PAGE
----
Law enforcement agencies combining to get rid of meth labs in Utah



    With over 280 methamphetamine labs discovered in Utah since last October, Drug Enforcement Administration officials are sending their message loud and clear: Utah is not the place to cook meth.

    Since 1995, the number of methamphetamine labs discovered in Utah has increased more than 400 percent, according to DEA statistics.

    Although the number of labs in Utah are increasing faster than the rest of the nation, those numbers are beginning to level off, said Don Mendrala, DEA resident agent in charge.

    While authorities can’t pinpoint any specific reason for the surge in production, the availability of methamphetamine recipes on the Internet is definitely a contributing factor, said Geno Corley, DEA supervisory special agent.

    “I think that’s one of the main reasons we’re getting hit so hard by this … It used to be that only a few cooks had the recipes, but now they’re all over the Internet. There are also chat rooms where the information is communicated freely,” Corley said.

    Another factor contributing to the methamphetamine production increase is the easy accessibility of its chemical components.

    Psuedosphedrine, one of the key components used in meth, is sold over the counter in the form of cold and allergy drugs. However, recently enacted legislation prohibits the sale or possession of more than 12 grams of the chemical.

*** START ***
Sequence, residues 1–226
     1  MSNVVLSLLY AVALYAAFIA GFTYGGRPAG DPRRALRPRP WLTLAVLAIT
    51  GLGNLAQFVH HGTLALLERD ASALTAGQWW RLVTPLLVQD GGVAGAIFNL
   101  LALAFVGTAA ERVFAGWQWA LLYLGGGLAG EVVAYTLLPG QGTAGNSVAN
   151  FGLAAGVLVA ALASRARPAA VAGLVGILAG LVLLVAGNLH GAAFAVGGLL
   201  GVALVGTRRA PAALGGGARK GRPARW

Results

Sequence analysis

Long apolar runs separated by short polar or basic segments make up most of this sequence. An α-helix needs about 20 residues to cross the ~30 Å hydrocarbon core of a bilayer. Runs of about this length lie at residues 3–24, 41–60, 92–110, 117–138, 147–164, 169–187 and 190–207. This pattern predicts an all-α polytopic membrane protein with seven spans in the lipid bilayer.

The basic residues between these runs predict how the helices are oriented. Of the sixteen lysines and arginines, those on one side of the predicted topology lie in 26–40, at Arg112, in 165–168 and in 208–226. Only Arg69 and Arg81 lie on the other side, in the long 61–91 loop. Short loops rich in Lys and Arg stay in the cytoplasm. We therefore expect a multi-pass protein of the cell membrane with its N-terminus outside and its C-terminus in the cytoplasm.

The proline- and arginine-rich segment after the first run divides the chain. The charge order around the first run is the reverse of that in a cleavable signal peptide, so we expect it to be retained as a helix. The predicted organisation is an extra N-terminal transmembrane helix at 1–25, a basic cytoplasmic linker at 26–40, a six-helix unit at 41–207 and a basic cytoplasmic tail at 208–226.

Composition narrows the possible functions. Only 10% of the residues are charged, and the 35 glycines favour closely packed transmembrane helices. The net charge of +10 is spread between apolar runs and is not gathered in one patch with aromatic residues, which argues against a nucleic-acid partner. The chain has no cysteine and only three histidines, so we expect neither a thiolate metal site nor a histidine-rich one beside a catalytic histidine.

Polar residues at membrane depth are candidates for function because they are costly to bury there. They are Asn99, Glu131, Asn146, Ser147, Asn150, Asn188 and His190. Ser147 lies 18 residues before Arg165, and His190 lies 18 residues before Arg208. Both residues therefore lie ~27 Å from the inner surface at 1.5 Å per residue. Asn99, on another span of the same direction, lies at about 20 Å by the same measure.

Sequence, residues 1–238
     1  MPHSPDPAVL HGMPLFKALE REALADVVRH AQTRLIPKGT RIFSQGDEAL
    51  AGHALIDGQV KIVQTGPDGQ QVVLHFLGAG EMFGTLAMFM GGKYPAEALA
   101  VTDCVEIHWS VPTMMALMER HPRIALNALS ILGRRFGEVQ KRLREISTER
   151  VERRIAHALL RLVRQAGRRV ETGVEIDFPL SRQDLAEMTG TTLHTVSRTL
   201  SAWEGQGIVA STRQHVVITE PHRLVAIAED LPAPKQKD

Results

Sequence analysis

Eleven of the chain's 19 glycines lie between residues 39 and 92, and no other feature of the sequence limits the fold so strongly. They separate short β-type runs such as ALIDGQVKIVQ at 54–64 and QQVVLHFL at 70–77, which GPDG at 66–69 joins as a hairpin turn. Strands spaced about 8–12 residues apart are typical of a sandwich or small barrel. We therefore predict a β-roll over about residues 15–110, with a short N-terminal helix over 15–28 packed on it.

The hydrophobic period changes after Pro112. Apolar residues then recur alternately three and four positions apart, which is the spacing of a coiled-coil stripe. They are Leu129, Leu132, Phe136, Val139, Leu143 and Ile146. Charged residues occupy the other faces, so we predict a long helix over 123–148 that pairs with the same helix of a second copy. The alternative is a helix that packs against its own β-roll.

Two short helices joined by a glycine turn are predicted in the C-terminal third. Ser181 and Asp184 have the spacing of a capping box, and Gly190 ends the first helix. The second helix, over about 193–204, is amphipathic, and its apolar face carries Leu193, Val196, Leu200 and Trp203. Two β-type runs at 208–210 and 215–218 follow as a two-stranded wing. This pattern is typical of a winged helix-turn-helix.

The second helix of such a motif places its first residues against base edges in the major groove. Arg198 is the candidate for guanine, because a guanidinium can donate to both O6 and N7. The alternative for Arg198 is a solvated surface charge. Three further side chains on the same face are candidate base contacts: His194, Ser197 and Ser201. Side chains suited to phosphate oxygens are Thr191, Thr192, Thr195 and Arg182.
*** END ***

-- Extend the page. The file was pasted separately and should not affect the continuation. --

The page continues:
“You’d have to have more than 200 tablets of 60 milligram cold tablets to equal 12 grams,” said Jeff Payne, DEA task force officer.

    Possession of iodine crystals has been limited to 2 ounces. Iodine crystals are another vital component of methamphetamine.

    The crystals, used primarily to treat fungal infections in horses’ hooves, are typically sold in tack and feed stores.

    “The new legislation was enacted to stop people from possessing huge amounts. No one needs more than 2 ounces of the crystals. Even for a veterinarian, 2 ounces should last a couple of years if it is being used for its intended purpose,” Mendrala said.

    Because methamphetamine labs are an increasing problem across the state, reducing production has become a priority for law enforcement officials.

    A number of federal, state and local law enforcement agencies have engaged in a cooperative effort to thwart production of the drug.

    Although these operations are proving to be very successful, they are also costing tax payers millions of dollars. Contracting a chemical processor, which can destroy the drug, costs $1 million a year.

    Dollar figures of other costs, including wages, evidence processing and prosecution, were not available.

    Dissembling methamphetamine labs creates a tremendous drain on financial resources and manpower, Mendrala said.

    But the efforts seem to be paying off.

    “Clandestine labs are our number one priority. We want producers to know that our motto is never give up. We’re going to find them. Meth is an evil drug. It’s a threat to the community, and we’re going to do everything we can to stop this,” Corley said.

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